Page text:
Not Your Average State of Happiness

No question about it. The way James describes blessedness doesn’t fit the average American definition. Consider James 1:2-12.

2 Count it all joy, my brothers, when you meet trials of various kinds, 3 for you know that the testing of your faith produces steadfastness. 4 And let steadfastness have its full effect, that you may be perfect and complete, lacking in nothing. 5 If any of you lacks wisdom, let him ask God, who gives generously to all without reproach, and it will be given him. 6 But let him ask in faith, with no doubting, for the one who doubts is like a wave of the sea that is driven and tossed by the wind. 7 For that person must not suppose that he will receive anything from the Lord; 8 he is a double-minded man, unstable in all his ways. 9 Let the lowly brother boast in his exaltation, 10 and the rich in his humiliation, because like a flower of the grass he will pass away. 11 For the sun rises with its scorching heat and withers the grass; its flower falls, and its beauty perishes. So also will the rich man fade away in the midst of his pursuits. 12 Blessed is the man who remains steadfast under trial, for when he has stood the test he will receive the crown of life, which God has promised to those who love him.

James promotes a living faith – a faith that works (see James 2:26). Genuine faith manifests itself in a lifestyle of wise speaking and acting in all of life’s facets. These verses in chapter one address how faith works to persevere under trial. He gives four principles to guide the believer.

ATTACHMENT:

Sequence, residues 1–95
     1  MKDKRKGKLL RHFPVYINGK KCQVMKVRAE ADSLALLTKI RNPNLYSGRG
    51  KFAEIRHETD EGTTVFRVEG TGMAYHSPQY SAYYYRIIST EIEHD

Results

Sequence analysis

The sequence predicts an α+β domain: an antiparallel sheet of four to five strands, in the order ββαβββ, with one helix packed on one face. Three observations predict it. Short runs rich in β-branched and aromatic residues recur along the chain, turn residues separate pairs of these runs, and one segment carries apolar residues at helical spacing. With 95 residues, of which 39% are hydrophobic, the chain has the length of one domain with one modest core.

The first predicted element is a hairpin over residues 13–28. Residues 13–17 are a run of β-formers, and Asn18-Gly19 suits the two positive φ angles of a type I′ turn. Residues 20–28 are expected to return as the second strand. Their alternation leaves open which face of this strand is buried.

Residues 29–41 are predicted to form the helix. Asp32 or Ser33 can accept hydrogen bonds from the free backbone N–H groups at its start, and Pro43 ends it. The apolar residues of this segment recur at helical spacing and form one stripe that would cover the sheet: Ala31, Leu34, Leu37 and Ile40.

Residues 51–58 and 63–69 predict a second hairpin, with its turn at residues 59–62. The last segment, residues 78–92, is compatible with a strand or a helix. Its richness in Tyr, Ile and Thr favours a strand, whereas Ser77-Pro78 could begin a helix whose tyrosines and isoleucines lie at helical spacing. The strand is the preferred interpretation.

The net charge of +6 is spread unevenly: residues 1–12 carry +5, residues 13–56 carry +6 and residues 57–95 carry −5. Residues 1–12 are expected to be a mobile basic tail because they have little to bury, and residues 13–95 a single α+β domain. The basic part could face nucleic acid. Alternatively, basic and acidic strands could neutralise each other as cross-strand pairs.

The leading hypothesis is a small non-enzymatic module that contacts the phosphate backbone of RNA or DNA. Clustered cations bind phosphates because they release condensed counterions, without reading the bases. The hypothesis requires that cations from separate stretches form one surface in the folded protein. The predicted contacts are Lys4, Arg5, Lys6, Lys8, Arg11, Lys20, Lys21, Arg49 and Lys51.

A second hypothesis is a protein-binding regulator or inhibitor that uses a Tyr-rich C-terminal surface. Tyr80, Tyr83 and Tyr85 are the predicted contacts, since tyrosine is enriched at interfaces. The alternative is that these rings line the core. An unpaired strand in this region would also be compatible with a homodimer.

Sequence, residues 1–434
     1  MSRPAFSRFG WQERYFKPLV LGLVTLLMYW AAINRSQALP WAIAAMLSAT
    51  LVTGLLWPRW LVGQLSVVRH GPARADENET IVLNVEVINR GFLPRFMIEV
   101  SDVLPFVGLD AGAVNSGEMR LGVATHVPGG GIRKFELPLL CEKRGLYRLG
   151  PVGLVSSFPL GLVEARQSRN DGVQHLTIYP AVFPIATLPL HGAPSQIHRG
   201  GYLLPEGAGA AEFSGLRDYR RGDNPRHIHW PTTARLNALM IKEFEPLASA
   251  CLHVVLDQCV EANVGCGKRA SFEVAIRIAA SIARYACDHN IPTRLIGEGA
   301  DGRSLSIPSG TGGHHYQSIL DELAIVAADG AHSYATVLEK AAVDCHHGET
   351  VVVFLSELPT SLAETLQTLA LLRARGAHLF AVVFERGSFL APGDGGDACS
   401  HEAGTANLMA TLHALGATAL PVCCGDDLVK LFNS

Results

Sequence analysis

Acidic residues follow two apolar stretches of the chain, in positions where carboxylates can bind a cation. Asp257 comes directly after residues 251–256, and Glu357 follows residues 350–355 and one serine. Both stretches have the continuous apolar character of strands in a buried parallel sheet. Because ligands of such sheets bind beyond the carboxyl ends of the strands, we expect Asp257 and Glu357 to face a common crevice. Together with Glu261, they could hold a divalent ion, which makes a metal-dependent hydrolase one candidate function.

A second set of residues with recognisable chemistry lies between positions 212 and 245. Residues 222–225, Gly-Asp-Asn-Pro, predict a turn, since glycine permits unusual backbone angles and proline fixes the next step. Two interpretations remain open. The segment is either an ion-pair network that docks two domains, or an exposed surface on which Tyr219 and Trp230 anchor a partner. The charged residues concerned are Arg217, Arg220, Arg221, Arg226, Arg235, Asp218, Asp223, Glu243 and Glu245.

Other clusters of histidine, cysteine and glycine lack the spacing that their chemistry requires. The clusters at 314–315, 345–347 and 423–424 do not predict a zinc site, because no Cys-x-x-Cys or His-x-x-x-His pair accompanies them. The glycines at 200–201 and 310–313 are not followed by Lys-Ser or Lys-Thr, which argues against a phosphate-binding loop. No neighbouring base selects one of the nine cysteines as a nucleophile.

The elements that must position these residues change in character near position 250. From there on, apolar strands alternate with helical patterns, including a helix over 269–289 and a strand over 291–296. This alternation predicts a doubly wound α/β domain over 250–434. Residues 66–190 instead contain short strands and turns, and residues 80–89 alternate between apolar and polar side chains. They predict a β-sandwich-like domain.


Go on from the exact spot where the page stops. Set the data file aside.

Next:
First, reckon your joy (2-4). Count it all joy . . . when you meet trials of various kinds. We are to calculate the immense value of trials such that we delight, not in their pain, but in the profit they yield. What profit? For you know the testing of your faith produces steadfastness. We are to let steadfastness have its full effect that we might become spiritually mature. That’s worth delighting in. God uses trials to grow us in the likeness of Jesus.

Second, request your wisdom (5-8). If any of you lacks wisdom, let him ask of God. Who doesn’t lack wisdom? We all do, particularly when it comes to how to navigate a trial so that we make the most of the opportunity to grow in Christ-likeness. So pray. Remember two things when you do. God loves to give wisdom (5b) and don’t doubt that fact for a second (6-8).

Third, release your wealth (9-11). Let the lowly brother boast in his exaltation, and the rich in his humiliation. One great source of trials in life comes in the form of money, either too little or too much of it. James levels the playing field for both ends of the spectrum by urging right thinking about wealth. If you are poor, exalt in your spiritual riches. If you are rich, remember it will all pass away. The focus needs to be on the spiritual, not the material. How important is that in these difficult economic times in which we live?

Fourth, relish your perseverance (12). That brings us back to his beatitude, Blessed is the man who remains steadfast under trial. There is a present benefit to steadfastness in trial as we saw in vv. 2-4. But there is a future, eschatological one as well. Those who persevere receive a crown of life in heaven! It goes to those who love God. And those who love Him keep His commandments even when it proves costly. They never abandon their faith.

Oswald Chambers gave this counsel:

Believe steadfastly on Him and everything that challenges you will strengthen your faith. There is continual testing in the life of faith up to the point of our physical death, which is the last great test. Faith is absolute trust in God— trust that could never imagine that He would forsake us.

And it is trust that often imagines how greatly He will reward us.

Take care that your pursuit of happiness is not conformed to the world but rather transformed by the renewing of your mind in passages like James 1:2-12.

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